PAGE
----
# Solve sum for theta

Is there any way to solve the following sum of trigonometric functions for theta without using a solver? $$25\sin(\theta)-1.5\cos(\theta)=20$$

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– user2468 Sep 9 '12 at 2:45

$$25\sin\theta-1.5\cos\theta = \sqrt{25^2+1.5^2}\left( \frac{25}{\sqrt{25^2+1.5^2}}\sin\theta - \frac{1.5}{\sqrt{25^2+1.5^2}}\cos\theta \right)$$ $$= \sqrt{25^2+1.5^2}(\cos\varphi\sin\theta-\sin\varphi\cos\theta) = \sqrt{25^2+1.5^2} \sin(\varphi-\theta).$$ So you want $$\sin(\varphi-\theta)=\frac{20}{\sqrt{25^2+1.5^2}}.$$ Take arcsines.

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+1. I just fixed the plus in the first set of parentheses. – Ayman Hourieh Sep 9 '12 at 10:21

If you're okay with a numeric solution, define a function $$f\left(\theta\right) = 25 \sin \theta - 1.5 \cos \theta - 20 = 0$$ and use a root finding algorithm.

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I think OP was looking for a solution without using a solver – Daryl Sep 9 '12 at 2:41
Eric, but the closed form is readily available. Besides, it shows the multitude of solutions. This answer might attract down-votes, I am afraid. – Sasha Sep 9 '12 at 2:55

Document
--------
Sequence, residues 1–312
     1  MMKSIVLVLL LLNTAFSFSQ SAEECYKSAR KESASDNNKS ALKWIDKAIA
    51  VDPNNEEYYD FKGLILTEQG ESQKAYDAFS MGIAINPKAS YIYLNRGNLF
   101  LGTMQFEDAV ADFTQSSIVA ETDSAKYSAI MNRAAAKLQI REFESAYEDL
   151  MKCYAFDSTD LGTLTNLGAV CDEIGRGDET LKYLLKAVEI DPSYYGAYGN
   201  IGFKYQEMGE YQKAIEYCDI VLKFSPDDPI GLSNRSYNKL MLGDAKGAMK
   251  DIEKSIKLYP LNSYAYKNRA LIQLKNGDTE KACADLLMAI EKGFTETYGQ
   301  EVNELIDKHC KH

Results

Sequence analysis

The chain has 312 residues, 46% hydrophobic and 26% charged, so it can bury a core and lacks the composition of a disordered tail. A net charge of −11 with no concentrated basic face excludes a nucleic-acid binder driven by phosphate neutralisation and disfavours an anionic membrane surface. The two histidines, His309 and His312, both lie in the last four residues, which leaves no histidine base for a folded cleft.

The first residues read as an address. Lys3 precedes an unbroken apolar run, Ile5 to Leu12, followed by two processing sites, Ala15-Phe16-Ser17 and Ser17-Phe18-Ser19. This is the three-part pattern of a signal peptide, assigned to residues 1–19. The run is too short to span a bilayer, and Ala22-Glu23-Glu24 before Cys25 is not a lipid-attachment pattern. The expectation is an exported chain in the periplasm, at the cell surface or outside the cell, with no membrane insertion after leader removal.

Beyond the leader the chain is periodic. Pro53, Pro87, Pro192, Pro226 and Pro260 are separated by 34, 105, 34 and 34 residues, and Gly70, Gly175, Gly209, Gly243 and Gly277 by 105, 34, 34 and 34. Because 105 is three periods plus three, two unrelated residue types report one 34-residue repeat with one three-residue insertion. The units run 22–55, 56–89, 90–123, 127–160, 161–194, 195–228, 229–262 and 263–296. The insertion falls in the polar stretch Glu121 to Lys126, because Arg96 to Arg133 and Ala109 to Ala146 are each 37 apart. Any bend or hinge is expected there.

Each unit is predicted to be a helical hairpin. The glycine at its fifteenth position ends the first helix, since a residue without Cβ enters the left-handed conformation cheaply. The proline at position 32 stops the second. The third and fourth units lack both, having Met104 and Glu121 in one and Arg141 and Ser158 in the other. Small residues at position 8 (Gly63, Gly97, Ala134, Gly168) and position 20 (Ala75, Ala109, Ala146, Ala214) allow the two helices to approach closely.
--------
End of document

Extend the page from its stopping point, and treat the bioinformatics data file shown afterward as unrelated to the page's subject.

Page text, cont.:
Then the OP should've asked for an analytic solution. To me, a "solver" is something like Mathematica. Besides, I qualified my answer with the phrase "if you're okay with a numeric solution." Finally, it's pretty clear that $f\left(\theta^*+2 \pi n\right) = 0$, where $\theta^*$ is a solution and $n$ is an integer. – Eric Angle Sep 9 '12 at 14:15

The solution to $A\sin(t) + B\cos(t) = C$ is $t = 2\left(\pi n + \arctan{(\frac{A \pm \sqrt{A^2+B^2-C^2}}{B+C})}\right)$

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Nice. But it'd be more helpful for OP if you show some derivation steps, or a name of a reference. – user2468 Sep 9 '12 at 3:15